They don’t just stop at helping the planet. They pull on our heartstrings by mentioning children and make you feel like a complete jerk if you don’t care what kind of mess you might leave behind for them and all of their descendants. Since Lego is a toy manufacturer, it also reinforces the brand.
Wow. This is well-crafted sustainable marketing. And that’s only one section of the page!
While the apparel industry is notorious for low wages and poor working conditions, this producer of outdoor gear has earned a reputation as a sustainable clothing brand. Here are a few reasons:
While Lego didn’t start out as a sustainable business, Patagonia has always focused on doing good things for the planet while still making a profit, proving you can have your cake and eat it too. Let’s take a look at their carbon footprint page:
The first thing you see is the above message with a video reel to the right that shows positive and negative images, such as factories emitting smoke and people spending time in nature.
Like Lego, they are claiming responsibility for their actions while being true to their brand. They could have easily said, “Everything we produce has consequences.” That’s more abstract and therefore less powerful. It’s also more common to use the word “make” to describe something we’ve created with our hands, reminding us of a simpler time.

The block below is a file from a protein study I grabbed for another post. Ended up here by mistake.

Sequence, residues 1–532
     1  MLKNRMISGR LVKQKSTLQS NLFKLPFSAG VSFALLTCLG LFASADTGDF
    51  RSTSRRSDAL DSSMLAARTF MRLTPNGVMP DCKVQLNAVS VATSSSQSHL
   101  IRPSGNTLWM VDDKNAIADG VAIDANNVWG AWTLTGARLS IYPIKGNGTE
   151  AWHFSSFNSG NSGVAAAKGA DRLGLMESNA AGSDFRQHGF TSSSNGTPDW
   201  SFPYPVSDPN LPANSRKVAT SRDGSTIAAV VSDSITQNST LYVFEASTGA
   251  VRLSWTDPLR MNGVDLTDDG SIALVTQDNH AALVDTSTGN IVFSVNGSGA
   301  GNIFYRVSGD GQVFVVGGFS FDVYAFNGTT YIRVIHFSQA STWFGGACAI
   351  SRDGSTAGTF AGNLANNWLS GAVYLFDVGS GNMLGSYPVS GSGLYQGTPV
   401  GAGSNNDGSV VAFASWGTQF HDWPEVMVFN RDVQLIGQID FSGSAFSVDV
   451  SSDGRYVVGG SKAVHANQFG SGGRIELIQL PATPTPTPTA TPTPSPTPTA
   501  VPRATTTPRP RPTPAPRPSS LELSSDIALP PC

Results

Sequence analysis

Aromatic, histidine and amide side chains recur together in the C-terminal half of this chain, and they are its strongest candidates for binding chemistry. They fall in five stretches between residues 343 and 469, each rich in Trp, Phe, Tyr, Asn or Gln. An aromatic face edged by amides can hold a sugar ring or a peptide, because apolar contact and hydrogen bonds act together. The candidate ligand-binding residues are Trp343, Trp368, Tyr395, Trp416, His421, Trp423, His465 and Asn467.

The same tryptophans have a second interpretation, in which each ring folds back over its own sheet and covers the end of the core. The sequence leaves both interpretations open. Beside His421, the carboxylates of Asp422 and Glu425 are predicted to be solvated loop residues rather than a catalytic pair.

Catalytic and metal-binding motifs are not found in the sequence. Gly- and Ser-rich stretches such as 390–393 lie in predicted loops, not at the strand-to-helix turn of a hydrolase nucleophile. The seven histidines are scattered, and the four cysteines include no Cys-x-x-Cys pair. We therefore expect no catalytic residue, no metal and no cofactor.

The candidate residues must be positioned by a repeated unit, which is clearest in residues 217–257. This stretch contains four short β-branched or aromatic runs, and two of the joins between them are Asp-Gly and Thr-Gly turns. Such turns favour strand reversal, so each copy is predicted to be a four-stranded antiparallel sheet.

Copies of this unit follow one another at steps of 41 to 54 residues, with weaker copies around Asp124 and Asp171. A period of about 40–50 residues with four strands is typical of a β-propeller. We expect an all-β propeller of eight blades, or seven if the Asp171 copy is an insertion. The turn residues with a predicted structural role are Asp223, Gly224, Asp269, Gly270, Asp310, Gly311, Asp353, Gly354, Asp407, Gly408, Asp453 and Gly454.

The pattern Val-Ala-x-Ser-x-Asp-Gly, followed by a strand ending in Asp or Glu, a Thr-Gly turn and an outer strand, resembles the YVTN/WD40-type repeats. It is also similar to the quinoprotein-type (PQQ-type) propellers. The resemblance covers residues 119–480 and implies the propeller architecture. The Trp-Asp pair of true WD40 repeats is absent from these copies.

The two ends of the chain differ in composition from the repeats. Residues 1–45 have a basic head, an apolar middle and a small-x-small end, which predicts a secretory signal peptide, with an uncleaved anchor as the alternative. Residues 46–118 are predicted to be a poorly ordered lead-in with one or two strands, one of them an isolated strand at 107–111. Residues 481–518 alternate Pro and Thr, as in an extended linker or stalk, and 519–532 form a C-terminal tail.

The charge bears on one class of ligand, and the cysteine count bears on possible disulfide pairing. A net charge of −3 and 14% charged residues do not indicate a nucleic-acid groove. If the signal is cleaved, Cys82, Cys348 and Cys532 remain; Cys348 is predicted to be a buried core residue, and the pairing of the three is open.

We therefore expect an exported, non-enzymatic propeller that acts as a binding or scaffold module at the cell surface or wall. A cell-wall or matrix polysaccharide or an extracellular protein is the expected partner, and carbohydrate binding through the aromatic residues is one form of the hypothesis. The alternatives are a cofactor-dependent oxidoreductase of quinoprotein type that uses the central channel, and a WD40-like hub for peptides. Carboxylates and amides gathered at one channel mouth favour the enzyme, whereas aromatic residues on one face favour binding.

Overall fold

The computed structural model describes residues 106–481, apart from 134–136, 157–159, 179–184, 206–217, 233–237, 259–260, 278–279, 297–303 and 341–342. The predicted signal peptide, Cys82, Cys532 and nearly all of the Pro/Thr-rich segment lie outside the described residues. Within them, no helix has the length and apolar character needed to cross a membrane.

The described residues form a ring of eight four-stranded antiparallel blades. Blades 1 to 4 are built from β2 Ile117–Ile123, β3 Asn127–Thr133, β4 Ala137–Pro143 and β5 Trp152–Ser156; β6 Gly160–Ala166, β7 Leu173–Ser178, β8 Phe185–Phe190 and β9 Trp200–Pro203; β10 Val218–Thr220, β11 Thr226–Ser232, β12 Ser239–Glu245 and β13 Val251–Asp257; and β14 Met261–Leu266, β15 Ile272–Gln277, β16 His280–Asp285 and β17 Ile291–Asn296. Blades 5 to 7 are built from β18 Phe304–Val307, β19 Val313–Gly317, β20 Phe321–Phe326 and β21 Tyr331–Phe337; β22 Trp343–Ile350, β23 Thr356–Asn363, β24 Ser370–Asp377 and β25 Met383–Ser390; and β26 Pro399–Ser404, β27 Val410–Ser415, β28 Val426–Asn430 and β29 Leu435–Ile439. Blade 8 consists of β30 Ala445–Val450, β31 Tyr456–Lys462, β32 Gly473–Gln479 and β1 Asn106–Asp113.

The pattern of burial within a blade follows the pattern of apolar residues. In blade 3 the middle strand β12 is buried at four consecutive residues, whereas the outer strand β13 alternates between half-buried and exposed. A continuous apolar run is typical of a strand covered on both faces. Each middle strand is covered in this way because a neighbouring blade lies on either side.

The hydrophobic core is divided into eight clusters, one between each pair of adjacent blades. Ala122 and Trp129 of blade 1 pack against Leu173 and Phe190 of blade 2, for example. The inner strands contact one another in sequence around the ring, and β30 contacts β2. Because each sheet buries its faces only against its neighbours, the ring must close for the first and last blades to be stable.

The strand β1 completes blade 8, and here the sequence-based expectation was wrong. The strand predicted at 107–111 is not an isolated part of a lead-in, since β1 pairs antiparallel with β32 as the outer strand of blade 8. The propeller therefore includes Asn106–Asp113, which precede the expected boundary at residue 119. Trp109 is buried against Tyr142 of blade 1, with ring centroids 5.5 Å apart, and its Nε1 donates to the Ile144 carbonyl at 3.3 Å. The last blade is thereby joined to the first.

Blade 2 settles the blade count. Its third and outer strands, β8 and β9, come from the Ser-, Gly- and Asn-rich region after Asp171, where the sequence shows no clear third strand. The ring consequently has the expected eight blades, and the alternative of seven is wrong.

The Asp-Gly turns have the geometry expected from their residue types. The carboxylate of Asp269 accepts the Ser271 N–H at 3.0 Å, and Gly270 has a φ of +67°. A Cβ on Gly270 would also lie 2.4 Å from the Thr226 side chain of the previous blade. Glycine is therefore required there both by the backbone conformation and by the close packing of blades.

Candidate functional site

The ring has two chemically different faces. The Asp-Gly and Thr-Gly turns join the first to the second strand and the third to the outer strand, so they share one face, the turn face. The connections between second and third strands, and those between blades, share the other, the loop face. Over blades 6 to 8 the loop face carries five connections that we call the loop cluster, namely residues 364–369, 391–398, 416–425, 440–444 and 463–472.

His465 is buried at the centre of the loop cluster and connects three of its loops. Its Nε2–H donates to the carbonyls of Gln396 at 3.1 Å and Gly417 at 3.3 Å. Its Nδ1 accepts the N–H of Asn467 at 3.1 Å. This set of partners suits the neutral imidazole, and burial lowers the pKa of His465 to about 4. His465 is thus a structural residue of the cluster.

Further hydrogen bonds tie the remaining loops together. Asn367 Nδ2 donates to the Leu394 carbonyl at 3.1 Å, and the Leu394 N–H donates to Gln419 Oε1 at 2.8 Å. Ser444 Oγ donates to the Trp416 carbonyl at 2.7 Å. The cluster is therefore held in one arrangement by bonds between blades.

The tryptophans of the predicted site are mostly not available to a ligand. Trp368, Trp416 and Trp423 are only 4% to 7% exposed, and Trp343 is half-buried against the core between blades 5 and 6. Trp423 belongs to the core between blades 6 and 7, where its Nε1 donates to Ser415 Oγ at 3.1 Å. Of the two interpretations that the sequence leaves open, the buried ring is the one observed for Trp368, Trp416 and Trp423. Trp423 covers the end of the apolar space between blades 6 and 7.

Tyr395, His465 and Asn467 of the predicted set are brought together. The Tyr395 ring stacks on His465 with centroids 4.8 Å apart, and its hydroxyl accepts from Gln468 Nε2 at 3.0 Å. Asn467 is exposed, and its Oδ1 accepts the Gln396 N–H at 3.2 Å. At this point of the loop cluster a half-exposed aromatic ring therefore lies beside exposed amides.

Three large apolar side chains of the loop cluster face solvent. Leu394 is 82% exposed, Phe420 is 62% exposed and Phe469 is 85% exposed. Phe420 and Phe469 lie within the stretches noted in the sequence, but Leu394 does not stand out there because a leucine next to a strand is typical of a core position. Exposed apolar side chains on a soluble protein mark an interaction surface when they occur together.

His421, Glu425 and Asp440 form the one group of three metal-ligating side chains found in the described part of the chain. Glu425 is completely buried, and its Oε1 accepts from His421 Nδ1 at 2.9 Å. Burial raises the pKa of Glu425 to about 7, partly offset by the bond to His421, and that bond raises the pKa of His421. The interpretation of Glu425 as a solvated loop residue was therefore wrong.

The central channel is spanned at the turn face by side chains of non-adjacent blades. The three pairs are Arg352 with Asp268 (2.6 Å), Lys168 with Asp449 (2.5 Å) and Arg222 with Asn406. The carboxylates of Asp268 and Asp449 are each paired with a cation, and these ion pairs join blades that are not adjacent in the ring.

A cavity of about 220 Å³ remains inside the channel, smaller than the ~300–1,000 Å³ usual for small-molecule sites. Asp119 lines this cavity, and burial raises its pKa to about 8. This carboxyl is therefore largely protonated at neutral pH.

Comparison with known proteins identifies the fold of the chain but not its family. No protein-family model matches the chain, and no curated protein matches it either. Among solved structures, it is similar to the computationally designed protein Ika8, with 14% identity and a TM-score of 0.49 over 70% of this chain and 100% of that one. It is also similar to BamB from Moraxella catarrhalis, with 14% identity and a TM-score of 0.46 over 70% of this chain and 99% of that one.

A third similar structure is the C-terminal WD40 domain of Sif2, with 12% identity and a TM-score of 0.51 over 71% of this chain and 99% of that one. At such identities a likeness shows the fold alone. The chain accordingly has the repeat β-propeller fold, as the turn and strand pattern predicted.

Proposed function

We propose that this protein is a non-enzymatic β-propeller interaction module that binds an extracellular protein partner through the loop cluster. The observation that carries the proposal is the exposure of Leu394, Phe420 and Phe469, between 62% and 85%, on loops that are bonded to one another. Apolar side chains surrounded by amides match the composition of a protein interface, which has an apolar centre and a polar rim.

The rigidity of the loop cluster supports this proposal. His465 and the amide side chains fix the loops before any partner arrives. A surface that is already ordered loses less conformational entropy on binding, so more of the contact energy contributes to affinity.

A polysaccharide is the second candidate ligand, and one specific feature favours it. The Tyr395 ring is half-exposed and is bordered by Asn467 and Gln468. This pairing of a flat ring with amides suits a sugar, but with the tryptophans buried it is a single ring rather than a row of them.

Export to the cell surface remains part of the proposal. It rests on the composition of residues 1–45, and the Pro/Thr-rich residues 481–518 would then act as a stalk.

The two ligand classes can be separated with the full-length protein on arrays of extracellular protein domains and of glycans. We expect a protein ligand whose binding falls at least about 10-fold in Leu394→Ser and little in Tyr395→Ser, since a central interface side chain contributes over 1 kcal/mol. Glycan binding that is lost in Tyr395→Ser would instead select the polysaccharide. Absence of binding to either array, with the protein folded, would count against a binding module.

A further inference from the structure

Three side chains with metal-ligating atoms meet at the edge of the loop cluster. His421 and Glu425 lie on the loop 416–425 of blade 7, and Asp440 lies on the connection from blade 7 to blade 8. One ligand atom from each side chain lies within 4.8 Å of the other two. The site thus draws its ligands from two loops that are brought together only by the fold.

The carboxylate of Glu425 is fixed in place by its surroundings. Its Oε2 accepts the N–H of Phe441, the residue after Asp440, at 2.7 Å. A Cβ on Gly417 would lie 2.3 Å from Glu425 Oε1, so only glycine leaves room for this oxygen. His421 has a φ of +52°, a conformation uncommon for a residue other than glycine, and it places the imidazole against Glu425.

The word “impact” has the idea of powerful movement attached to it, which is appropriate for their customers, who lead active lifestyles that may involve high-impact activities. Both “make” and “impact” are also much easier to visualize, especially when those ideas are reinforced by the video on the right side of the page.
Finally, they use the word “planet” as the unfortunate object of our irresponsible actions, including their own.
Now that you’ve analyzed the sustainable marketing efforts of some of the world’s most popular brands, take a look at your own company’s stance on climate change and the steps you’re taking to do your part.
Even service-based, paperless companies can still play a role. For example, your company could support environmentally focused nonprofit organizations through donations or volunteerism.
If you already have a sustainable marketing message, reevaluate it. Does it reflect your company’s values, your customer’s values and your brand in an authentic way?
While Lego’s appeal to helping children will emotionally resonate with its customers, that same message could fall flat with the outdoorsy, nature-loving Patagonia customers who may or may not have children. Apple’s message reinforces its commitment to social justice, which it spent millions on in 2020.
The key ingredient in all of these? Strategic authenticity. All of these companies carefully selected the images and words that not only reflect their brand and mission but appeal to their customers and therefore their bottom line.
Regardless of your industry, commit to helping people and the planet and communicate your efforts with honesty and integrity through effective sustainable marketing practices. If this is still a bit too much to swallow, look at some of Kuno’s case studies or simply contact us to learn how we can partner together to strengthen the triple bottom line of people + planet + profit.